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M.Besant E.Walter
Jerusalem, the city of Herod and Saladin


Sir John Froissart's Chronicles of England, France, Spain and the Ajoining Countries from the latter part of the reign of Edward II to the coronation of Henry IV in 12 volumes 

Chronicles of Enguerrand De Monstrelet (Sir John Froissart's Chronicles continuation) in 13 volumes 

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M.Besant E.Walter
Jerusalem, the city of Herod and Saladin
page 466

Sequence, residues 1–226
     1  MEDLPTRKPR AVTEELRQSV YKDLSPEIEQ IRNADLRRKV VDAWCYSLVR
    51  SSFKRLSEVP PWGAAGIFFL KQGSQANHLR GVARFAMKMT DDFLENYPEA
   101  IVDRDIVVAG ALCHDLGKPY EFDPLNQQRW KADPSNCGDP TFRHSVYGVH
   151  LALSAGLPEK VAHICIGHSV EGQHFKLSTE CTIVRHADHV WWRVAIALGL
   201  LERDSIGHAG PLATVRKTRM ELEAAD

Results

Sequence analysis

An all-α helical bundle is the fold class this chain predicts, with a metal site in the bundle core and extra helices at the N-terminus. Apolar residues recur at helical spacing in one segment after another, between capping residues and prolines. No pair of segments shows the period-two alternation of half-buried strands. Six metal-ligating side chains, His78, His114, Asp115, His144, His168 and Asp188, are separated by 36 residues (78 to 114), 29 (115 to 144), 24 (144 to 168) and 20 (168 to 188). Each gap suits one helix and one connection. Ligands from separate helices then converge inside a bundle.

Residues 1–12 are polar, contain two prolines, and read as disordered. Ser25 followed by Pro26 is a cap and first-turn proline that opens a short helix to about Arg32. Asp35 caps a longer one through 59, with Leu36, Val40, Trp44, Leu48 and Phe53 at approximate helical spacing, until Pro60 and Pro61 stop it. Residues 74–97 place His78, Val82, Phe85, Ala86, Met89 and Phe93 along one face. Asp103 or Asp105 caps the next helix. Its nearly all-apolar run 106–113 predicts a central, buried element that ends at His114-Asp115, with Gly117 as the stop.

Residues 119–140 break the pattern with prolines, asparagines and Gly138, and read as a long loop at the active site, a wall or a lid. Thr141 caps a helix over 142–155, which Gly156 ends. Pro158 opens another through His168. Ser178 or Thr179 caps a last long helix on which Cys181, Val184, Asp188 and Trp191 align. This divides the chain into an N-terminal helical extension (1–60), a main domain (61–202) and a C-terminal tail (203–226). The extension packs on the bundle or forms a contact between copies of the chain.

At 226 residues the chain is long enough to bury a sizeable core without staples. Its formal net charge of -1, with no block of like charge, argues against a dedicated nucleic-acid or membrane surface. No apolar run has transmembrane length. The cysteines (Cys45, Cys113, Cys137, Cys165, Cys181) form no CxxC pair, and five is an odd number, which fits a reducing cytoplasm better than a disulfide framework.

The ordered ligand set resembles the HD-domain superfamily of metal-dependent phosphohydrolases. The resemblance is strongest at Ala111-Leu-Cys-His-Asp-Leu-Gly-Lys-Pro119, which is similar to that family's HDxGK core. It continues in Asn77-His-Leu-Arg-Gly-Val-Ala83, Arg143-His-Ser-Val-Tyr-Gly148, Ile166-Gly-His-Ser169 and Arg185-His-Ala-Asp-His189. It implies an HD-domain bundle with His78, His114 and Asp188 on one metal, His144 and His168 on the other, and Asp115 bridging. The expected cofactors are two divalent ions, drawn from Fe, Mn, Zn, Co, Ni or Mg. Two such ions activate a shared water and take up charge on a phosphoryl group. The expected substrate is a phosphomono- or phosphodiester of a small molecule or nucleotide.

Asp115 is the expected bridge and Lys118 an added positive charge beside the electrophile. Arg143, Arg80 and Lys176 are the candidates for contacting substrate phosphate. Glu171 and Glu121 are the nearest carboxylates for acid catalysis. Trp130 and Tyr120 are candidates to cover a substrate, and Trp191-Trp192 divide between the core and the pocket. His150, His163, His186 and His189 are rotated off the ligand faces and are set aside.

against their common enemy. They came to Acre, headed by the valiant El Melik el Mensur, Prince of Emessa, whose entrance into the city was greeted with shouts of applause. The allied armies met the Kharezmians on the plain of Philistia, the battlefield of so many periods and so many peoples. A curious incident is told, which took place before the battle. The Count of Jaffa, an excommunicated man, asked the patriarch, who was there with his wood of the Cross, as usual, for absolution. He refused it. Again he asked, to be again refused. But then the Bishop of Bama, impatient of his superior's obstinacy, cried out, " Never mind. The patriarch is wrong, and I absolve you myself." Of course one priest's absolution is as good as another's, and the count went into battle, to be killed with a light heart. They fought all that day, and all the next day, with a-ferocity which nothing could equal. But then the Mohammedans gave way, and the victory remained with the Kharezmians. Of the allies thirty thousandlay dead on the field, while of the Christian knights, there returned to Acre only the Prince of Tyre, the Patriarch of Jerusalem, with his wood, thirty-three Templars, twenty-six Knights of St. John, and three Teutonic knights. The Kharezmians came before Jaffa. They tied Walter de Brienne, who was their prisoner, to a cross, and told him that unless he exhorted the besieged to submission they would put him to death. He called on the garrison to defend themselves to the last extremity, and was sent to Cairo, where he was murdered by the mob. Palestine was relieved of the presence of the Kharezmians. by the Sultan of Cairo, who sent them to Damascus, which they took and plundered. They then demanded the fulfilment of his promise as regarded the lands of Palestine. But the Sultan prevaricated, and refused, sending an army of Egyptians against them ; they were defeated in ten battles, and perish out of history altogether, having only appeared for the brief space of three or four years.

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